Meta-point: backward compatibility

Aaron Denney wnoise at
Thu Apr 24 16:18:10 EDT 2008

On 2008-04-23, Simon Marlow <marlowsd at> wrote:
> Johan Tibell wrote:
>> An interesting question. What is the goal of Haskell'? Is it to, like
>> Python 3000, fix warts in the language in an (somewhat) incompatible
>> way or is it to just standardize current practice? I think we need
>> both, I just don't know which of the two Haskell' is.
> The stated goal is still for Haskell' to be a language that is stable 
> and relevant for large-scale development for several years to come.
> It is mainly a consolidation effort: that is, we aim to standardise 
> existing practice in the form of language extensions that are currently 
> implemented and widely used.  Having said that, the standardisation 
> process gives us the opportunity to critically assess the design of 
> these extensions, and the design of the system as a whole, and as a 
> result we may wish to make changes in order that the resulting language 
> does not have inconsistencies, design flaws, or critical omissions.

Given a fairly limited goal of "consolidating current practice", not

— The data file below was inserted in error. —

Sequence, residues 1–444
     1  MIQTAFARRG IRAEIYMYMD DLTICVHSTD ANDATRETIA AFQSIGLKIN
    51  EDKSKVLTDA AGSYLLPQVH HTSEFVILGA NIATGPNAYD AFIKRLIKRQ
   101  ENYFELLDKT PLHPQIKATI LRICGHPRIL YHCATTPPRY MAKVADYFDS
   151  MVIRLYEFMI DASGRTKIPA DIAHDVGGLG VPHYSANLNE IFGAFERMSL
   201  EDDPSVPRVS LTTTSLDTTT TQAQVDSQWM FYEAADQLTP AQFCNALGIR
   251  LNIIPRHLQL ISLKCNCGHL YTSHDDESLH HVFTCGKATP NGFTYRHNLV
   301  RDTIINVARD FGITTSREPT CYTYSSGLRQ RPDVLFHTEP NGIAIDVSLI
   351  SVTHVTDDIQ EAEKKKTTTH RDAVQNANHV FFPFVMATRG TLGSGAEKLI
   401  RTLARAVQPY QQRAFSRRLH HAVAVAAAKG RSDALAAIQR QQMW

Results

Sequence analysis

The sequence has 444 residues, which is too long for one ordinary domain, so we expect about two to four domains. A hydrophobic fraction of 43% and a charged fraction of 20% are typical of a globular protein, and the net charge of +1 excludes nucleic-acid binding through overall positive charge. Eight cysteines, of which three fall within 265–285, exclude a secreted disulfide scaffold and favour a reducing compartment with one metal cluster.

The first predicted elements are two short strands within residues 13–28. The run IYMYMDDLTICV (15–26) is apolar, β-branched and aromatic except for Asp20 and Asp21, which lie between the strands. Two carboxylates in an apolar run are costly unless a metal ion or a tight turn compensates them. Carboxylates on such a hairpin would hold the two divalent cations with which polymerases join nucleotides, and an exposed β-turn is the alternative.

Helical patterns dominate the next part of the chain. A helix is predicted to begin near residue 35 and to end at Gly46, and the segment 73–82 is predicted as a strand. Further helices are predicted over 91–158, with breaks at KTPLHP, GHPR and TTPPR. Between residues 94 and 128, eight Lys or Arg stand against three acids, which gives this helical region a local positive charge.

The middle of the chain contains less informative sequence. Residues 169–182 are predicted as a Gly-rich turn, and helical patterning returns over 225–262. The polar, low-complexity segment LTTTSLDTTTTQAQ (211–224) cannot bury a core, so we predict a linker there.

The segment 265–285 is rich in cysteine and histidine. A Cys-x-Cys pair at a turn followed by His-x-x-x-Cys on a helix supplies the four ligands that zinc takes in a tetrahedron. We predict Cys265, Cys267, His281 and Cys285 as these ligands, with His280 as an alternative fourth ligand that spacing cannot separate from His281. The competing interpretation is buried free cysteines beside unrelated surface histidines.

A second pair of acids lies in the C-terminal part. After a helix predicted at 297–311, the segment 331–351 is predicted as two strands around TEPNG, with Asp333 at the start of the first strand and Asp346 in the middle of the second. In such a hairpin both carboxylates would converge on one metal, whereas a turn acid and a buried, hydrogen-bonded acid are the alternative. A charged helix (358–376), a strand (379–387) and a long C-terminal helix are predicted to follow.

much should change.  And this is a very useful thing to do.  The problem
is that many of us don't see any opportunity for large change after
this.  We expect any changes in the hypothetical Haskell 2 (or 201x) to
be resisted tooth and nail by the larger crowd as Haskell grows.  And
there is a lot that clearly isn't battle tested in a reasonable new
form, though the current practice is widely agreed upon to be broken.
Examples include all monads having fail, rather than only those in a
subclass, monad not being a subclass of functor, and the whole numeric
hierarchy issue (which I don't think can be properly designed unless we
know whether it's going to be FDs or ATs, though, of course, designing
it for either would provide valuable experience for the limitations of
both),  Many of these are "mere" library changes, but library changes
that are nearly as fundamental as language changes, because of how tied
in the prelude is currently.  It's still not entirely straightforward to
replace the prelude with a custom one, which makes it harder to test
some of these changes in real world use.  All of these factors combine
to make the ones who get annoyed with these problems to want to shoehorn
in changes right now.

Aaron Denney

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